If you’ve seen some students invading the streets of Watertown, N.Y., this summer, don’t be alarmed. They are supposed to be there. The students represent a new part of the Construction Engineering Management (CEM) program in the Department of Civil and Environmental Engineering at Clarkson University: the Clarkson CEM Consulting Group (C3G).
Earlier this year, officials in the City of Watertown determined they needed to do a detailed inventory of each and every sidewalk ramp as a part of their Americans with Disabilities Act (ADA) transition planning. This planning will help the city to meet federal guidelines for accessibility for all of the city residents over the coming years.
“The first step is to find out which of the ramps actually meet the standards and which ones do not. This requires a hands-on inventory of the ramp slopes, conditions, and measurements,” says Matthew Roy, human resource manager for the City of Watertown. “Accomplishing that inventory would require a set of personnel trained in geographic information systems (GIS) and willing to scour the streets of the entire city.”
In March, Clarkson CEM Director Erik Backus reached out to the city offering the services of this new program. “C3G is an experiential learning opportunity for our students through work within the communities of the North Country and local municipalities near the students’ hometowns,” says Backus. “Many times communities have infrastructure or planning projects that need to get done, but are having a hard time getting them started because they lack the personnel to get them done or lack the funding to use traditional consultants.”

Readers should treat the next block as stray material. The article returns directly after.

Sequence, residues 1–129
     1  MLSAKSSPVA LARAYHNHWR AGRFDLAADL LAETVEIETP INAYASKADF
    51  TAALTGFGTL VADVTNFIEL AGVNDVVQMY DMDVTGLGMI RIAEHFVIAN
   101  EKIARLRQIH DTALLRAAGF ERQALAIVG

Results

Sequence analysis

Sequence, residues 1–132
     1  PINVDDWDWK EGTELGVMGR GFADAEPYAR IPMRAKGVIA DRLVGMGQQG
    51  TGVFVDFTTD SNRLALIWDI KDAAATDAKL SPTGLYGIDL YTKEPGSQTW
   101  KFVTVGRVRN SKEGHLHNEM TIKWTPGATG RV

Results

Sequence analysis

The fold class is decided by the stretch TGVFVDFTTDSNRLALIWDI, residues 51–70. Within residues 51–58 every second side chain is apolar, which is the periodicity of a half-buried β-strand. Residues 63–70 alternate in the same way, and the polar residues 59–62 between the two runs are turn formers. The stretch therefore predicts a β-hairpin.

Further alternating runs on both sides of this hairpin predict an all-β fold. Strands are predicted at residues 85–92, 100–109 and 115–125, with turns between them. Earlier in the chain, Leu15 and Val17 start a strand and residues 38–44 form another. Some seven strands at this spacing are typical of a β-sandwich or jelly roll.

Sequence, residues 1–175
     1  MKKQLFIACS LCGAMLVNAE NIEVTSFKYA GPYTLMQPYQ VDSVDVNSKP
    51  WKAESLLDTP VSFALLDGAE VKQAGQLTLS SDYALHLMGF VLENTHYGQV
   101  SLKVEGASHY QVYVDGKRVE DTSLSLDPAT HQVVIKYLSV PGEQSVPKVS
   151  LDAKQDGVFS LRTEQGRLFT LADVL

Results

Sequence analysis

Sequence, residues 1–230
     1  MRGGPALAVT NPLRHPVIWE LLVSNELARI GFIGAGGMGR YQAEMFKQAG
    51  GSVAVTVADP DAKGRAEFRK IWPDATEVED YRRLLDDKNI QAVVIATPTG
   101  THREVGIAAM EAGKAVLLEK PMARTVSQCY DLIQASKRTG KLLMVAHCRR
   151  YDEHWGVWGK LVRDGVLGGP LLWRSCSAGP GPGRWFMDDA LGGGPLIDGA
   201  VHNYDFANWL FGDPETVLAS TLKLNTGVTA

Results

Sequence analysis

“C3G fills that void with students who are learning civil engineering, construction management and related skills through their education, and want to put it into practice. On top of that, it enables municipalities and similar community groups to finally get projects into a position to be able to get them done for the benefit of all.”
It was a natural match for Watertown and their ADA transition efforts. Through an agreement with Clarkson, the city was able to contract with C3G to execute the inventory, using students who had particular skills in GIS with Civil and Environmental Engineering Instructor Bill Olsen providing quality control and oversight for the students through the summer.
“This is a great opportunity for me,” says Leudin Dominguez ’18, a civil engineering major from Bronx, N.Y., one of the students working on the project in Watertown. “This internship was perfect. It allowed me to use what I learned in GIS class last year on a project needed by the City of Watertown.”
In addition to Leudin, four other students (Jacob Hunt '18, environmental engineering, Fairport, N.Y.; Adel Kajtazovic '18, civil engineering, Cape Coral, Fla.; Aime Kikoma '18, civil engineering, Staten Island, N.Y.; and Keith Huynh '17, civil engineering, Liverpool, N.Y.) are working throughout the city using laser levels, tablets, and other measurement devices to capture the information. As each ramp is inventoried it is automatically entered into the cities GIS database where it can be tracked and managed. With the large number of days of rain this summer, the progress hasn’t been as good as anticipated but already more than 1,000 ramps have been inventoried by the students.
“Overall we’re happy with the results and don’t see anything which requires changing. The students are doing a great job," says Roy. “Work will continue until all of the ramps are inventoried throughout the city, which is anticipated to occur sometime in mid-August. I hope mother-nature cooperates.”